Musk tweeted early Saturday that he was working with a team from his Space X rocket company to build a "tiny kid-size submarine" to transport the children.

But Saturday night, he tweeted that the cave was now closed for the rescue by divers. "Will continue testing in LA in case needed later or somewhere else in the future," he wrote.

 Musk says the sub would be light enough to be carried by two divers and small enough to get through narrow cave gaps.
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9:15 p.m.-  The official heading the operation to rescue 12 boys and their soccer coach from a cave in northern Thailand says the operation is going "better than expected."

Chiang Rai provincial acting Gov. Narongsak Osatanakorn made the comment at a news conference Sunday evening after rescuers extracted four of the boys from the cave where they had been trapped for more than two weeks. Narongsak said the four were then taken to a hospital. Their condition was not immediately clear.

Narongsak said the healthiest have been taken out first, and the next phase of the operation would start in 10-20 hours.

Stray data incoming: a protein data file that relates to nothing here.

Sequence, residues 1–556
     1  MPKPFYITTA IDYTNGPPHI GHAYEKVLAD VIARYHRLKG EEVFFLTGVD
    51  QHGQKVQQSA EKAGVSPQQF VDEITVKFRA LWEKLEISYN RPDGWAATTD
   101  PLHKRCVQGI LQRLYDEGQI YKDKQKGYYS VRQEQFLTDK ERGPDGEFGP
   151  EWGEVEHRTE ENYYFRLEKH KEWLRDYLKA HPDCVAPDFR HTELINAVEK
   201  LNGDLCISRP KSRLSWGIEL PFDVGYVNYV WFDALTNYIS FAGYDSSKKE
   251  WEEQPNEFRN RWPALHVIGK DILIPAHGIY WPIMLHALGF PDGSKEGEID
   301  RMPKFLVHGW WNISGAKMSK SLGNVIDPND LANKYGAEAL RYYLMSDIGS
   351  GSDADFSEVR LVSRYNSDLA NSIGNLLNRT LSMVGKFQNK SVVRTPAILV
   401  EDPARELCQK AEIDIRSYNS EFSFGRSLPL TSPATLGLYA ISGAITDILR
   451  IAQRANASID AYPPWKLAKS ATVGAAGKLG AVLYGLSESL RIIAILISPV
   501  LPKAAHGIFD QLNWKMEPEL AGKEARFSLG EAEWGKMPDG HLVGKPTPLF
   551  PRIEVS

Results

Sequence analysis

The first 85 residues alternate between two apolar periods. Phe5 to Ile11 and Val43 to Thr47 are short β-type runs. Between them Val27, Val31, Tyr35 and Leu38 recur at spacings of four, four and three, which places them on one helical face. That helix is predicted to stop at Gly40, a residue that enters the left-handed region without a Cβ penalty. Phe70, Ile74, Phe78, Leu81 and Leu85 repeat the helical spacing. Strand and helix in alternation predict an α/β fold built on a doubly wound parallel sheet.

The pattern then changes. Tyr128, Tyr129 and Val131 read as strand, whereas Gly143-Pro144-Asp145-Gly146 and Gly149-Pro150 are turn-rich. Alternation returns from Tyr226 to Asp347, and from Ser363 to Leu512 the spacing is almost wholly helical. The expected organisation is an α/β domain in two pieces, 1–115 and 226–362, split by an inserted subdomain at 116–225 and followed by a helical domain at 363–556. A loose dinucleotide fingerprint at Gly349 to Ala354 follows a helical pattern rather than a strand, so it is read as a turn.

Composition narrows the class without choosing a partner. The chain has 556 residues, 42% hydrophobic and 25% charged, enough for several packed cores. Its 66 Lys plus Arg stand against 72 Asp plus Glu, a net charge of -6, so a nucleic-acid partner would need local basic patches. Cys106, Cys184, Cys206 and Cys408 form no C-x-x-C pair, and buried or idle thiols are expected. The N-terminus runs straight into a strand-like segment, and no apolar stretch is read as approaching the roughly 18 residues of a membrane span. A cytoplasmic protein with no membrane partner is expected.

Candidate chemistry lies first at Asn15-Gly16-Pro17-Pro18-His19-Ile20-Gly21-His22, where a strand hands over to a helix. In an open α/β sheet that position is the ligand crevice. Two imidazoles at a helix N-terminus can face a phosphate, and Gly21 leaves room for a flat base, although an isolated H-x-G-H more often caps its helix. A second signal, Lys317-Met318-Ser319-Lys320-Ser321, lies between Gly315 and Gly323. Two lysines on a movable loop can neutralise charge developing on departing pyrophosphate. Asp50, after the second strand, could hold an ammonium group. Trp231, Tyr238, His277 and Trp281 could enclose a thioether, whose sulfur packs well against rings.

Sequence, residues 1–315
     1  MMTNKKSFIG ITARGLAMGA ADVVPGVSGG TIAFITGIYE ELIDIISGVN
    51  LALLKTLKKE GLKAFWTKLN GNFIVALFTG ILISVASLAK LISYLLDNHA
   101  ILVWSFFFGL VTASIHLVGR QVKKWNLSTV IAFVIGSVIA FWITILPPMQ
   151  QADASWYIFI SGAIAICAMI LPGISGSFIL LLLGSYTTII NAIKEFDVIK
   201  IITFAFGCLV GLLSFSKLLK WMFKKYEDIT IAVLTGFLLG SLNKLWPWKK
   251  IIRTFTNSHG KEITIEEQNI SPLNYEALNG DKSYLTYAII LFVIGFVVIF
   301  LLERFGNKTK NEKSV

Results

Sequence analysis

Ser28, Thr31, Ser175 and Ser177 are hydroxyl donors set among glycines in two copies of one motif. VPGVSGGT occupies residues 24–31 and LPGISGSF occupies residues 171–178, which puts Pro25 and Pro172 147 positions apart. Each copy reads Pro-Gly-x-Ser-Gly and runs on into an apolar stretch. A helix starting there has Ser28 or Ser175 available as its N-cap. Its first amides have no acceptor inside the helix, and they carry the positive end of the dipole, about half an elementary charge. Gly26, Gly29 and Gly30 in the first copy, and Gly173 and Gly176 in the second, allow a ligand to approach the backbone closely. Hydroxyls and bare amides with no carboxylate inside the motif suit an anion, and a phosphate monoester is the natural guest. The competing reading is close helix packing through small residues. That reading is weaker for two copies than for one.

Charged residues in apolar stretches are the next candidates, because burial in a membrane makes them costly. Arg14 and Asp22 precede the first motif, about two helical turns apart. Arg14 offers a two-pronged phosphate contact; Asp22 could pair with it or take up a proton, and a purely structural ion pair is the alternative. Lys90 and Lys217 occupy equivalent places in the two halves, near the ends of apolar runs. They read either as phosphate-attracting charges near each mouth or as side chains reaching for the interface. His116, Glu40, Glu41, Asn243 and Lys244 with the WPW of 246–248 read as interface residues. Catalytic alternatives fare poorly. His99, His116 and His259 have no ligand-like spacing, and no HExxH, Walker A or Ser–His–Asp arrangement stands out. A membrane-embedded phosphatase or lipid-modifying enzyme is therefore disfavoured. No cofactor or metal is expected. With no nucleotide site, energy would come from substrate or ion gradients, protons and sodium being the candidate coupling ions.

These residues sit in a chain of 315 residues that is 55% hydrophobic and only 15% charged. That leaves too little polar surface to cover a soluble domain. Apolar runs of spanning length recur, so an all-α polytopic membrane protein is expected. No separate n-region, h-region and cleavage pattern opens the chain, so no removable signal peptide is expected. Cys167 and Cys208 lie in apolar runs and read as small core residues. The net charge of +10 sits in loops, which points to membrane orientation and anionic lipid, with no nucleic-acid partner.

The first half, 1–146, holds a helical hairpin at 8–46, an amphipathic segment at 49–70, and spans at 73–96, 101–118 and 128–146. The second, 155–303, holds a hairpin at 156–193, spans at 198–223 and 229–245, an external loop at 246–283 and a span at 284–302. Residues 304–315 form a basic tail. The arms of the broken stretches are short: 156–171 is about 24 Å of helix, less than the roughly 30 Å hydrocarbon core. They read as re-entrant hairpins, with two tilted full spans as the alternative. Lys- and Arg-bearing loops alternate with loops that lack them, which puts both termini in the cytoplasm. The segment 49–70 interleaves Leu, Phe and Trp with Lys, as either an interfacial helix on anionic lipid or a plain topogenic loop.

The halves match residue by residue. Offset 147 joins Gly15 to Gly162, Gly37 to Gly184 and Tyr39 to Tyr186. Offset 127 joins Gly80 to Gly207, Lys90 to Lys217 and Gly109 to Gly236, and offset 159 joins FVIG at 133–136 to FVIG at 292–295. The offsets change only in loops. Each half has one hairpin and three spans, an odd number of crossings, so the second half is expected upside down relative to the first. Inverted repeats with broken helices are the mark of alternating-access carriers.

He said that 13 foreign and five Thai divers were taking part in the rescue and that two divers would accompany each boy as they're gradually extracted.

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8:05 p.m.- Thai navy SEALs say rescuers have taken four members of a youth soccer team out of the cave where they had been trapped for more than two weeks, part of an operation to rescue the 12 boys and their coach.

The operation to rescue the boys, ages 11-16, and their 25-year-old coach by having them dive out of the flooded cave began Sunday morning, with expert divers entering the sprawling complex for the complicated and dangerous mission.

Chiang Rai province acting Gov. Narongsak Osatanakorn, who is heading the operation, said that 13 foreign and five Thai divers were taking part in the rescue and that two divers would accompany each boy as they're gradually extracted.

The operation began at 10 a.m. Shortly before 8 p.m., the SEALs reported on their official Facebook page that four had been rescued.

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CHIANG RAI, Thailand — A team of divers on Sunday began a rescue operation to try and save 12 boys and their soccer coach from the Thailand cave where they have been trapped for two weeks.

Chiang Rai Gov. Narongsak Osatanakorn told reporters at a briefing Sunday that the mission to save the 12 boys and their coach from Tham Luang cave began at 10 a.m. local time.

A total of 18 expert divers — 13 international and five Thai — will proceed deep into the hillside through the waterlogged passages to the chamber where the team is located.